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Big Brothers/Sisters now help mentor local pupils

December 01, 2004

They call it "acting white." That's what some minority students say about peers who try to achieve academically.

That's a dangerous attitude and one that must be changed if these students - and the community - are to achieve better things.

So said Paul Slocumb, author of "Removing the Mask - Giftedness in Poverty."

Slocumb spoke at the Oct. 28 meeting of the Washington County Minority Achievement Task Force. He praised the group's members for their initiative, but said school officials would have to do more to get out the message that good grades are the only sure route to success.

Do more? How much more, I thought, can school personnel, especially classroom teachers, be asked to do?

Probably not a lot, but then I remembered my own experience in the mentor program at Fountaindale Elementary School. Here was a source of new labor, of potential friends who can communicate one-on-one the idea that few succeed without a diploma.

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Not long after, I wrote that in a column, suggesting that creation of an enhanced mentoring program should be one of the task force's top recommendations.

I needn't have bothered. It's already been done by Big Brothers Big Sisters, as Bob McKee, the group's executive director for Washington County, explained to me recently.

McKee said that because of today's busy lifestyle, in which people are working more and more hours, it's gotten more difficult to find men and women willing to commit to giving a child three or four hours a week.

And so the group has put together a school-based mentoring program, headed up by Tracy Mumma, a Hagerstown native with an elementary education degree from Shepherd College.

McKee said the program was launched at Eastern Elementary School in the 2002-03 school year, in part because of that school's "high mobility" rate.

Many students there are from lower-income families and move in and out of the district far more often than higher-income families.

The program has now expanded to the Pangborn Elementary and E. Russell Hicks Middle schools, McKee said.

He added that there have been requests to take it to other schools, but the group is moving slowly now, to ensure quality continues at its present level.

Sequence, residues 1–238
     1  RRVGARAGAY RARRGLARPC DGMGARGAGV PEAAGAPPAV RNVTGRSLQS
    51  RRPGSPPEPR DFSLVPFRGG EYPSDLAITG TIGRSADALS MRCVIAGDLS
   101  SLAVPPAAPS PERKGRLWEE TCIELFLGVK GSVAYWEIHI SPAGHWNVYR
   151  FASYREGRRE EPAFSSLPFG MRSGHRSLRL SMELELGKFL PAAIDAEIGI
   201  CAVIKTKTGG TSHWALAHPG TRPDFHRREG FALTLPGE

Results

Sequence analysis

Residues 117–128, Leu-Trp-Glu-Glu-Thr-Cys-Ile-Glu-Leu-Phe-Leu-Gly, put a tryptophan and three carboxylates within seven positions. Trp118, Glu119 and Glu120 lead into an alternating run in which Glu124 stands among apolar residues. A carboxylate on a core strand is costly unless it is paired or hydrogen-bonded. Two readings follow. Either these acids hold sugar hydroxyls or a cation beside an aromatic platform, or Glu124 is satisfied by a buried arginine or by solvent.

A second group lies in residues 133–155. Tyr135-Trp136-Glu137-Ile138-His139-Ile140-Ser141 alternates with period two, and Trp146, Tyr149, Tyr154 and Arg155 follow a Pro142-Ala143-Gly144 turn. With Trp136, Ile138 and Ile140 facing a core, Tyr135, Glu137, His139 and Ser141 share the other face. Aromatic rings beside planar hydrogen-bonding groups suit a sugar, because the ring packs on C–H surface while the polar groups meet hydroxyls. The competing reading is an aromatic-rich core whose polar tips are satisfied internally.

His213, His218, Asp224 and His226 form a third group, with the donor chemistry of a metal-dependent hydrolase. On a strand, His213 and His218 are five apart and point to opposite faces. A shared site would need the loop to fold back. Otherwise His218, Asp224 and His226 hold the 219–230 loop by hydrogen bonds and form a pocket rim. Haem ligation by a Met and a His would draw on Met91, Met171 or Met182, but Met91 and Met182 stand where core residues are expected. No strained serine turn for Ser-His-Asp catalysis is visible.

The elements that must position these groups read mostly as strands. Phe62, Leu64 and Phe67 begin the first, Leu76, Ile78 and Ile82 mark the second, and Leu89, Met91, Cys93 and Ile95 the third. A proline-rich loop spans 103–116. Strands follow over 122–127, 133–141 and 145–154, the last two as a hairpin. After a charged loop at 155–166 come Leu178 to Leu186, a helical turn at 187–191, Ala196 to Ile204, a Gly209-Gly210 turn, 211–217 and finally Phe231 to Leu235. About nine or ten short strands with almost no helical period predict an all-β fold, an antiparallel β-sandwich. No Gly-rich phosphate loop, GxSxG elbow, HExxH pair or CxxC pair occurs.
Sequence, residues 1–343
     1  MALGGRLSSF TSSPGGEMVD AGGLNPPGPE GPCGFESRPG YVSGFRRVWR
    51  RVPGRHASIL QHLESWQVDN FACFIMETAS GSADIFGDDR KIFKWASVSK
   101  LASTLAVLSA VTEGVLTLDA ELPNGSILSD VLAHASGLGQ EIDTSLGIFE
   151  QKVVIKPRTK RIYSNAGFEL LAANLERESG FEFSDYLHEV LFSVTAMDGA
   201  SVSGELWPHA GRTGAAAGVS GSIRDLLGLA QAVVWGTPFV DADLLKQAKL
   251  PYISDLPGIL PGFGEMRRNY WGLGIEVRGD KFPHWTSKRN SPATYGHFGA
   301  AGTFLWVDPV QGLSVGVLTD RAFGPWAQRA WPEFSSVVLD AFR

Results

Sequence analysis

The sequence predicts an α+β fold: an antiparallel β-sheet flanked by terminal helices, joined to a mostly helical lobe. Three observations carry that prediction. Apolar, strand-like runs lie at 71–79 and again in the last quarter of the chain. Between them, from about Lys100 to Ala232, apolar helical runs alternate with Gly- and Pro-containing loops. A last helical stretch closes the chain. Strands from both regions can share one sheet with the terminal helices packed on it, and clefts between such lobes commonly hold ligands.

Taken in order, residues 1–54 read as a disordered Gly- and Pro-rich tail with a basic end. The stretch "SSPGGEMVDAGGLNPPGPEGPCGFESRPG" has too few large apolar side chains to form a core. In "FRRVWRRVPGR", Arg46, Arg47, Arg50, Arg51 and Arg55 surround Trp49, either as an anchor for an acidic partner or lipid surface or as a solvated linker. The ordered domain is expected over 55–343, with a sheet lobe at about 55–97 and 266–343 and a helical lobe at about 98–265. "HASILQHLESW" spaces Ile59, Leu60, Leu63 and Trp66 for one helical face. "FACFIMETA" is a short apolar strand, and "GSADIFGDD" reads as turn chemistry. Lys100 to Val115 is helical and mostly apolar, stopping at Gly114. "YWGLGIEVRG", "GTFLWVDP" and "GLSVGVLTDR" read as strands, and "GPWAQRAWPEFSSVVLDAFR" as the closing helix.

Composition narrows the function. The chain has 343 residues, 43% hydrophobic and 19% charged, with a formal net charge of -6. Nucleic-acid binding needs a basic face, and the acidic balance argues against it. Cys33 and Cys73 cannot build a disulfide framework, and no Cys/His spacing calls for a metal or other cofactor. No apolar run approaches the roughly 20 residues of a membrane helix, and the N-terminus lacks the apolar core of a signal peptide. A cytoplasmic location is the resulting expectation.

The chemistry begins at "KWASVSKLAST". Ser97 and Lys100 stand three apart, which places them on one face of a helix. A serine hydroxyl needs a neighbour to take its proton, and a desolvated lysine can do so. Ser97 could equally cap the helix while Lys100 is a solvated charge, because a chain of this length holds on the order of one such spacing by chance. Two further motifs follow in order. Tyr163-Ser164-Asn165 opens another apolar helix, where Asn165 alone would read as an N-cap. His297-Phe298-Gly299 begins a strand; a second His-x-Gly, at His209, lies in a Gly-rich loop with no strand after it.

Not just anyone can become a mentor. You must be 18, complete an application and provide two references. You must also pass motor vehicle and criminal background checks.

Once those are done, you commit to spending an hour a week at the school with your mentor child, doing anything from helping with schoolwork to just talking about what's going on in the child's life.

"Since July 1, 23 mentors have applied, been screened and are in the process of being matched," McKee said.

"We don't just put the child with any adult. We look at what the mentor has to offer, because our goal is to have a successful match," he said.

Mumma said she checks with each school every day to make sure that the child is in school and that nothing like a special assembly will interfere with the mentor's scheduled time.

If the child is absent, the mentor is called, she said, to save him or her from traveling to the school.

The same happens when the mentor can't make the meeting, McKee said.

"We don't want little Billy sitting and waiting if the mentor can't be there," he said.

After the match, Mumma acts as a resource for the mentor, providing materials, suggestions and even an ear if they need to talk.

"If they need to give me a call, I'm there," she said.

At the school year's end, Mumma said there's an evaluation form which shows whether the student has made progress, academically or otherwise. That's shared with teachers and mentors alike, she said.

Big Brothers Big Sisters also has an end-of-year activity for all school-based mentors and their students, McKee said.

As for summers, Mumma said that the children each get a packet, which, among other things, contains cards students can send to mentors to keep in touch.

Some mentors enjoy the process so much they transfer from the school-based program to the community-based one, which requires spending more time with the child, McKee said.

It's a nice way to bring people into that program, but for those who can't spare the extra hours, the school-based program is a chance to contribute a great deal to a child's life.

To learn more, contact McKee and Mumma at 301-739-4711 or e-mail Mumma at mentor@bbbswcmd.org.

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